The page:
2012-09-17T18:23:58+00:00 2012-09-17T18:07:25+00:00

Electric Zoo 2012 [Event Review]


The Friday of Labor Day Weekend in New York City is the culmination of 12 weeks jam-packed with weekend getaways and activities. The city exits work and school early, and a special feeling of anticipation exists in the air for kids and adults alike. It's a day to go about with excited determination, where an unspoken understanding and appreciation exists for that feeling. There's the sunshine, and there's also finally a reason to stay in the city for the weekend: Electric Zoo.

 It's easy to be reminded why Electric Zoo is such a great festival.  The crowds that flock to Randall's Island are extra local, so the energy lacks tacky tourism and emits pure love for electronic music. The setup is easy: three tented stages, all in a row, leading easily to the main stage. Getting "lost" is tough, and maneuvering the grounds is easy, making it comfortable to navigate multiple stages many times throughout the day. MadeEvents stuck to their guns again with the setup, and was also able to offer an expanded "VIP" experience that didn't interfere with the intimate feeling that so easily draws crowds in the first place.

Gesaffelstein laid down some pounding techno Friday afternoon, setting the stage perfectly for what was to come..



It's apparent that the word has gotten out about Electric Zoo.  In the early afternoon, the crowd on the streets of Murray Hill began to fill with those who looked like they could be attending a rave or a Halloween party. I made my way to Randall's island before the sidewalks became full of neon animals heading to the zoo, just in time to wander into Above & Beyond's Group Therapy stage. As I caught the end of Norin & Rad's set, the next act, Gabriel & Dresden, came up to join them on stage. Watching all four of these DJs enjoy themselves while mixing the music they love, I was reminded why festivals are so lovable: the fans get to witness the camaraderie between artists and their love for the music they play in the flesh.


After catching surprisingly electro-house heavy sets by Hardwell and Nicky Romero at the main stage, the Group Therapy stage set up for the most well-known trance performance of the day: Ferry Corsten. Fresh off a string of releases and a collaboration on "Loops & Tings" with Markus Schulz, Corsten took the stage of the newly redesigned Hilltop stage in front of a crowd beaming with anticipation and excitement. This mood was especially tangible when Ferry dropped the Danny Howard remix of his single with Chicane, "One Thousand Suns," that he's been really supportive of in recent sets. Gradually going down a darker road with the sound of his set, Corsten threw in some signature throwbacks like Arty's remix of "Punk," as well as his own brand new remix of Snow Patrol's "New York." And, he closed his show as any super trance set should close: with the classic "Brute" by Armin van Buuren.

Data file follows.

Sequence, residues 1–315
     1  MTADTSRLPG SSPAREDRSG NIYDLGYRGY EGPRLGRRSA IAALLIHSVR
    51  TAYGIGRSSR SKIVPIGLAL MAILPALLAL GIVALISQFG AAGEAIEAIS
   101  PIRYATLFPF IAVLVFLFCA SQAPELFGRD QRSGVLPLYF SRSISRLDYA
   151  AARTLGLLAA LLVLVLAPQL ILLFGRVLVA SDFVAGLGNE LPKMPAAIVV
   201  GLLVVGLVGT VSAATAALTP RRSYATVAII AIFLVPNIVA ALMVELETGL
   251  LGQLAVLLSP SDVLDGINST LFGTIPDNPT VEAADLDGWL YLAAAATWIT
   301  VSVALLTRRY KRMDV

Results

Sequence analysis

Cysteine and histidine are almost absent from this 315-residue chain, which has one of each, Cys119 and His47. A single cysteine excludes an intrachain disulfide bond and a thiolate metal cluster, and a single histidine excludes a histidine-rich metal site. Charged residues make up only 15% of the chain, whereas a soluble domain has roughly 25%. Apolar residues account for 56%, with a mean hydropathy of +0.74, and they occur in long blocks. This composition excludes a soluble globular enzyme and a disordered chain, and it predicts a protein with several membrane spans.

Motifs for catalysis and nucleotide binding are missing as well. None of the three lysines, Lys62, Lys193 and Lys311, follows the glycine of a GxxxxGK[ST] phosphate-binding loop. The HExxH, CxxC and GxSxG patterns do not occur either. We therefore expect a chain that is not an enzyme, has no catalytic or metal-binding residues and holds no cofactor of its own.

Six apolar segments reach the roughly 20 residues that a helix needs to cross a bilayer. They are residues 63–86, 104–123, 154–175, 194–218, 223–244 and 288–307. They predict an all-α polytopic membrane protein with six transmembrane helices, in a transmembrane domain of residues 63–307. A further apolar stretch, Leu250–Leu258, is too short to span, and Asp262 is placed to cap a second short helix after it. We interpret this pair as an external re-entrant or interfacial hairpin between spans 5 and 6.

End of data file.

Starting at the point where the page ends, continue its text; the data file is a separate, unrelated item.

Stream:Betsie Larkin & Ferry Corsten – Not Coming Down (Dash Berlin 4AM Remix)

Later on Mat Zo took over the decks at Group Therapy and quickly became a favorite of the day. Known for having quite the ethereal magic touch, fans went wild as he led his set with his hit with Arty, "Mozart". I was expecting a euphoric set similar to Above & Beyond, but was pleasantly surprised with his agility in playing both harder and uplifting trance and progressive hits.  Enveloped in a pocket in a wall of intricate lights in the upgraded Hilltop stage, Zo put together a set that really showed his identity on stage.

Day 1 of Electric Zoo culminated in the best way possible, with David Guetta and Pretty Lights closing down the main stage. Over the past year, Guetta has really shown his true dedication to his house fans, and his performance Friday was a showed his knowledge of his audience. Instead of playing a set full of his pop hits, he premiered two new songs straight from Ibiza. And although poppy in sound, they were exclusive enough to keep the crowd excited about their US debut. Pretty Lights graced the crowd with his usual down to earth presence, giving his fans his typical electro-hip-hop-soul style. It was a perfect way to end the day.

Stream:David Guetta feat. Sia – She Wolf (Falling To Pieces) ( Extended Mix )

Sunday School brought together some of the biggest names in techno, tech house and deep house over the course of the weekend, including highlight performaces from Sasha, Luciano, Chris Liebing, Maya Jane Coles, Umek, Paco Osuna, Boys Noize and Marco Carola to name just a few – the entire lineup from start to finish was incredible.